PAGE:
Posted on Wednesday, March 17, 2021

Pratt Women Organizing for Change: Elena Conte of the Pratt Center

Elena Conte, senior fellow at the Pratt Center for Community Development, has worked for over two decades in community-based planning on projects to improve housing, the environment, and economic opportunities for low-income New Yorkers.

In celebration of Women’s History Month, Pratt is sharing the stories of women who are making history today by organizing in their local communities. Follow the Q&A series on the Pratt.edu news page and the @PrattInstitute Instagram for updates throughout March. This is the fourth in the series:

Elena Conte, senior fellow at the Pratt Center for Community Development, has worked for over two decades in community-based planning on projects to improve housing, the environment, and economic opportunities for low-income New Yorkers.

Why do you think creativity is important in activism and community organizing?

Political conditions are constantly shifting. While clarity on what you’re fighting for and why is essential, flexibility and creativity to take actions that will shift power dynamics, ignite reactions, and guide responses to unforeseen changes are essential to success. The openness that comes from pursuing the authentic relationships that are the basis of all this work is born of a spirit of creativity.

Is there anything about your experience at Pratt that influences your work?

It’s important to remember that history does not begin the day you arrived. Being a part of the Pratt Center for Community Development and its distinguished legacy reminds me of the principles that have been long-held and are unchanging, and the battles that have been today’s precursors. Context is necessary to understand, and humility is essential. Both my colleagues at the Pratt Center and my instructors at the Graduate Center for Planning and the Environment (GCPE) have taught me that. And of course, there’s nothing like the on-the-ground reality in New York City’s neighborhoods to hold us accountable for how we move in the world.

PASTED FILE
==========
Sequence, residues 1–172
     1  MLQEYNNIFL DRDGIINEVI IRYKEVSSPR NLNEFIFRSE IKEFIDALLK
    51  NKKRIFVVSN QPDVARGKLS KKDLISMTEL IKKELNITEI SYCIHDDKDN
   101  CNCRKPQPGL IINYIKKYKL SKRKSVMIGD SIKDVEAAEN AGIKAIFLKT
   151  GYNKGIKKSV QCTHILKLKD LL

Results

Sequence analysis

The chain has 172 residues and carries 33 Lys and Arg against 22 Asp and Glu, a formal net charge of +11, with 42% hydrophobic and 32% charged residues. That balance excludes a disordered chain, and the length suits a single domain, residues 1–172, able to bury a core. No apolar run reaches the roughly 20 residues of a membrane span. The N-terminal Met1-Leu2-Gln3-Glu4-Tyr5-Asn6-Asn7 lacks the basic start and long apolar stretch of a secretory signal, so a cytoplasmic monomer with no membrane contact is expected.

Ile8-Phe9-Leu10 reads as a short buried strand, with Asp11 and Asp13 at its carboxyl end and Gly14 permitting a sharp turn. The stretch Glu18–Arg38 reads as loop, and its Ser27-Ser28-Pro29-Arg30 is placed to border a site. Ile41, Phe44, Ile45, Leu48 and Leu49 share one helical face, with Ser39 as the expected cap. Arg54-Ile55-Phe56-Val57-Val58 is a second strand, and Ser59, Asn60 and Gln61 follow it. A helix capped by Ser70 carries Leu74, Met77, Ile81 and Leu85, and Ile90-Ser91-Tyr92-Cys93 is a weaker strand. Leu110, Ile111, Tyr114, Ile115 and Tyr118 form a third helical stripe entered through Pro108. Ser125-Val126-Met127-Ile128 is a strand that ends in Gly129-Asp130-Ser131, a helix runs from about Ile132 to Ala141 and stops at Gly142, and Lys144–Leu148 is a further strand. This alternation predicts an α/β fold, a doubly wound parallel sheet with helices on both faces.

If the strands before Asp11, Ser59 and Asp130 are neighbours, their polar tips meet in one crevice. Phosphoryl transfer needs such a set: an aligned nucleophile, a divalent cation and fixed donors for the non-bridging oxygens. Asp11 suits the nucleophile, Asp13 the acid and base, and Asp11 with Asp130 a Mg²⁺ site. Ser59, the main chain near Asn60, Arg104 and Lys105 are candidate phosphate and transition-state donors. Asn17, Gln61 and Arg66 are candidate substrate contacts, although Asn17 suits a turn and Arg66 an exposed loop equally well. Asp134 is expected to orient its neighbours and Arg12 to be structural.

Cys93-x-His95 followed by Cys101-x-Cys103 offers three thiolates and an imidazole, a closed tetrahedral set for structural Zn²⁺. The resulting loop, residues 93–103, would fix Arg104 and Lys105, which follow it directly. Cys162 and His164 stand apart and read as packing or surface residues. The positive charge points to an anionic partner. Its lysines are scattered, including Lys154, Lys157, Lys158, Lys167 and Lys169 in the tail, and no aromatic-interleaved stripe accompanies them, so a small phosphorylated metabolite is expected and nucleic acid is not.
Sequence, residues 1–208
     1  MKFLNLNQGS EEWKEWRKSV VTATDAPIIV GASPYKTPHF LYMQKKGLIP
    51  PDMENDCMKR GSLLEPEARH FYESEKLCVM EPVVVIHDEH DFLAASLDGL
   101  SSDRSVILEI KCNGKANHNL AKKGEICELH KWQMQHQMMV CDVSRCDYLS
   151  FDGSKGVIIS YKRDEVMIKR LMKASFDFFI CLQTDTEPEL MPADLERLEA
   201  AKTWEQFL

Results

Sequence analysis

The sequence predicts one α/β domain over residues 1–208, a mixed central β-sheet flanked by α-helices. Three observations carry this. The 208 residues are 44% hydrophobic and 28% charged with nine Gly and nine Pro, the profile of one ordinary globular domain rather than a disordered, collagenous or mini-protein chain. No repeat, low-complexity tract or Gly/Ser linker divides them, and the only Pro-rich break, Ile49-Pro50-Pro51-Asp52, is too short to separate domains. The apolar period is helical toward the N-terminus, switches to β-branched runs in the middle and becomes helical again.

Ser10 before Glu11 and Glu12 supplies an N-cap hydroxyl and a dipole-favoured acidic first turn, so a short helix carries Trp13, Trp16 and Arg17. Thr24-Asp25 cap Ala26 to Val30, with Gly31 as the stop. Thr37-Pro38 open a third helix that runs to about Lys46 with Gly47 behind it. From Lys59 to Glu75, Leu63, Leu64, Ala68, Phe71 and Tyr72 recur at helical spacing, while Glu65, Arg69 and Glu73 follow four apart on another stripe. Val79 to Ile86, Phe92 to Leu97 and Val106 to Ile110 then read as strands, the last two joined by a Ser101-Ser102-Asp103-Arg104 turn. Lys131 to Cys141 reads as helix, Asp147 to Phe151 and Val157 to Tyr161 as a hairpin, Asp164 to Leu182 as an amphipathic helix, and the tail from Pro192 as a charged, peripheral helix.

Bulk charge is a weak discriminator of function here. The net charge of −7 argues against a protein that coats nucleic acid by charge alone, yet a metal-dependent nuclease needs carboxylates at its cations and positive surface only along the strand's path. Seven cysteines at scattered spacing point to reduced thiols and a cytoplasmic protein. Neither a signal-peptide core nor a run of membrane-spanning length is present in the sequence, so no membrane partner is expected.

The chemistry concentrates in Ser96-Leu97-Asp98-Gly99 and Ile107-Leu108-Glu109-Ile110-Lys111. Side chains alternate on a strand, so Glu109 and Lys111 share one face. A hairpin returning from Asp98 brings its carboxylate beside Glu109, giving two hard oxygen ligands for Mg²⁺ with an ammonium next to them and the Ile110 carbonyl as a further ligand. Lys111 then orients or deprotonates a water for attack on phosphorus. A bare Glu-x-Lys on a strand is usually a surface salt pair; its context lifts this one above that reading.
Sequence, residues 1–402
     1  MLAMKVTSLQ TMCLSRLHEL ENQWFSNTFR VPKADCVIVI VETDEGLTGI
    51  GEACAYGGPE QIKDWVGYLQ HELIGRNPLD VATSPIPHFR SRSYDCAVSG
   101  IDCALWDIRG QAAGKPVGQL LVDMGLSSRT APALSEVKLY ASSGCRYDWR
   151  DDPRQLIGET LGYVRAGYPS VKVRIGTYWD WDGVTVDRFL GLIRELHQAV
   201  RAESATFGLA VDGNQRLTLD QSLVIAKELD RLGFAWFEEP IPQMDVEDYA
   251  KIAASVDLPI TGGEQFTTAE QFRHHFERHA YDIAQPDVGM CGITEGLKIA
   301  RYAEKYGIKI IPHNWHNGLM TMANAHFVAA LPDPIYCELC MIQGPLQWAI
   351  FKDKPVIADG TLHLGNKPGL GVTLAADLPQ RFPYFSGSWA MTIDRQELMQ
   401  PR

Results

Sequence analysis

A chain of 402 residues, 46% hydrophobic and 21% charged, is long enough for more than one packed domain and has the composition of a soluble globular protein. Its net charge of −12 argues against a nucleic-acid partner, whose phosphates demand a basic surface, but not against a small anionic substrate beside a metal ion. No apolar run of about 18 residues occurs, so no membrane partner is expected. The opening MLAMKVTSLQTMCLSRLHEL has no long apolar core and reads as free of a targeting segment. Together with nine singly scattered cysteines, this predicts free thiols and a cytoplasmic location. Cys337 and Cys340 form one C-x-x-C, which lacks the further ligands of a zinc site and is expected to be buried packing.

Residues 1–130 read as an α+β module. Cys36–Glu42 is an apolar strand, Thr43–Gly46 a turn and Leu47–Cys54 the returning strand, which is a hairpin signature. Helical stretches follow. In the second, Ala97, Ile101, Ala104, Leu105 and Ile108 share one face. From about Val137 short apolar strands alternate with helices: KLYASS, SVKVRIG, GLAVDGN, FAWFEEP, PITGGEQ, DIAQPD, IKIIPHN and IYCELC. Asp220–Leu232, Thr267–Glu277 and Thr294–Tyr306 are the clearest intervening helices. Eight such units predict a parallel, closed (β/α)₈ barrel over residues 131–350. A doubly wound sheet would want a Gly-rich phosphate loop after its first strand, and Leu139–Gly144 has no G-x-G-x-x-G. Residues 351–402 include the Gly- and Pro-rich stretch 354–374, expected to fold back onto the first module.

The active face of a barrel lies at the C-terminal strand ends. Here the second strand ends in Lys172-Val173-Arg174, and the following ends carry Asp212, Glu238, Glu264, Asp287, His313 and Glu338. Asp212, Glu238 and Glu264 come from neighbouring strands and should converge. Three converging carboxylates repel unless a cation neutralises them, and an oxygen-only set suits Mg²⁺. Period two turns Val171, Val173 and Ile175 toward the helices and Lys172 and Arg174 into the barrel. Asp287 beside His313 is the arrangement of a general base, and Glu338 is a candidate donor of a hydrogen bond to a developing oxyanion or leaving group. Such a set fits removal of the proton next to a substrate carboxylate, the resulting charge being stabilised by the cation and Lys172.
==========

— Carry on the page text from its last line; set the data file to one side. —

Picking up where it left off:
What advice would you give to someone who wants to get involved in grassroots efforts and organizing in their communities?

Listen. Meet a lot of people and really listen and learn. Ask respectful questions and don’t expect others—especially BIPOC and other marginalized peoples—to do the work for you. But show up as your authentic self, find an organization that is committed to developing leaders and democratic processes, and jump in there and have fun!

How does being a woman inform your work as an activist and are there any historical women organizers you are inspired by?

As a queer, white woman born and raised in New York City, my intersectional identities inform my work and create blindspots of privilege. I am encouraged to know that women—especially women of color—have always been at the heart of community organizing, forging and maintaining relationships—formal and informal—and leading in many venues. I am also aware of how that work has been undervalued historically, with credit often being afforded to men in formal positions of power, deemed as chief strategists. So knowing what it really takes to organize, and who has typically been expected to perform which roles, gives me the confidence and the strength to know that women and queer folk can do it all, on their own terms, breaking boundaries in our own personal expression of talent. As June Jordan said, “we are the ones we have been waiting for,” so my inspirations are the women making history today —here in New York City, Afua Atta-Mensah, Cathy Dang, Wanda Salam’an, Dariella Rodriguez, Susanna Blankley; beyond the city, Patrisse Cullors, Francisca Porchas… the list is so long because we are everywhere doing the damn thing!

For more of the Pratt Women Organizing for Change series, see the previous Q&As with NYC Councilmember Laurie A. Cumbo, Mia Bruner of the Prison Library Support Network, and Sarah Kanu of the Pratt Student Government Association